People in Australia will not recognise the name of director Neil Marshall, an Englishman best known for his only other feature film release so far, Dog Soldiers. That film was a low budget werewolf film, that as since gone on to attain a cult following, even if it did not make money at the theatre. Dog Soldiers is certainly a well made film, and even if the subject matter is not up your alley, its worth a look for bravura filmmaking.
Marshall puts the skills he honed on Dog Soldiers to good use here in The Descent. Unlike the other spelunking film released at a similar time (funnily enough, entitled The Cave) this film is darker, less reliant on widescreen action and effects, and a whole lot grittier than the Amercianized bastard that it competed with. For Australian audiences, it includes a bit of local flavour in that among its cast is Natalie Mendoza, one half of former pop band Jackson Mendoza (you know, they sang that song entitled “Venus or Mars”) as well as a bunch of other “unknowns” in the lead roles.
The film starts off setting the tone with a rather brutal car crash, killing of the husband and daughter of one of the women, Sarah, played by Shauna Macdonald. Sarah and her friends are extreme sports fans, and they appear to have a long and complicated history, which is hinted at but (thankfully) never fully explained. I say thankfully, as Marshall allows the viewer to draw their own conclusions about the relationships between the six women, rather than explain it all for us. A year after the crash, the girls gather in the Appalanchian Mountains to go spelunking, organised by Juno (Mendoza). Of course, once the girls get down into the cave system, things go horribly wrong. Their only way out appears to have been blocked by a dramatic and intensely claustraphobic cave-in (best line of the film: “F**k the bag, lets go!”) and for some reason, Sarah keeps hearing the sound of a child laughing throughout the early part of the movie. Is it the sound of the ghost of her dead daughter?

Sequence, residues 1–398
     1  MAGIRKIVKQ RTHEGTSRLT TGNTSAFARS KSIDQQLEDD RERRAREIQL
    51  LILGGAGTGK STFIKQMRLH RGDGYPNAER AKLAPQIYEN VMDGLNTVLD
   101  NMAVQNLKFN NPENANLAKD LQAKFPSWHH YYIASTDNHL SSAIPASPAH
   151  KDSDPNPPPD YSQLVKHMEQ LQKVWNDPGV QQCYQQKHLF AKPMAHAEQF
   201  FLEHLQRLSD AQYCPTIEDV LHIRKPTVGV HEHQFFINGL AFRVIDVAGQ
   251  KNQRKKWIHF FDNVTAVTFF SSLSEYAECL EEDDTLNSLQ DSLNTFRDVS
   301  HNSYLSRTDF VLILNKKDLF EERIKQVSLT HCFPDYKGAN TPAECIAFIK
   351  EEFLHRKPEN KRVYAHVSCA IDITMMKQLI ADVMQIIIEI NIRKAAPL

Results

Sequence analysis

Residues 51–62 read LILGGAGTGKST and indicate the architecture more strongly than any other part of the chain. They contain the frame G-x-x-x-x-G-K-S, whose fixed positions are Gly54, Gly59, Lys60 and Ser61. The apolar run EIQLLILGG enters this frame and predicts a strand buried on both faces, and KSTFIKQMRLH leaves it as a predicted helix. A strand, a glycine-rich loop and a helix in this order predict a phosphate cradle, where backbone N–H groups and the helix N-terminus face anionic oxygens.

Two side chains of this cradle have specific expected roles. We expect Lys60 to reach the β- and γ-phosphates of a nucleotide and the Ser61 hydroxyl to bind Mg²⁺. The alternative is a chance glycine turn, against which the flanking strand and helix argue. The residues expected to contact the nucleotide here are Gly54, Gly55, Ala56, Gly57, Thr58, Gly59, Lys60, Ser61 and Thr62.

Of course, the main reason the audience goes to see a film like this is for the monsters. And boy, are they creepy. And their big reveal is genuinely “jump out of your couch and hit the ceiling like that scaredy cat in the Bugs Bunny cartoons” frightening. Skin crawlingly scary. And they are vicious. And the girls are put through the ringer in ways more frightening than any “trapped in a dark place” film I have seen before.
While a lot of filmmakers try and build up the suspense and trick you as to who is going to live and who will die, Marshall is one filmmaker who genuinely succeeds in this effort. You do not know who will live and die by films end. The adventure goes completely to pieces as soon as the monsters come out, and from there its a mass of darkness, monsterous screams (which, I might add, are also genuinely scary) and women trying desperately to get to the surface and possible freedom.
Is it a good film? Well, if you don’t like blood, gore, violence and people swearing, then no, this film is utterly terrible. But if you are a person who enjoys getting truly frightened in a darkened loungeroom late at night, then this film will be right up your alley. Awesome editing, wonderful sound design and a brilliant idea for a plot make this a truly frightening advenutre underground. Like Jaws made you stay out of the water, this film will make you afraid to go spelunking.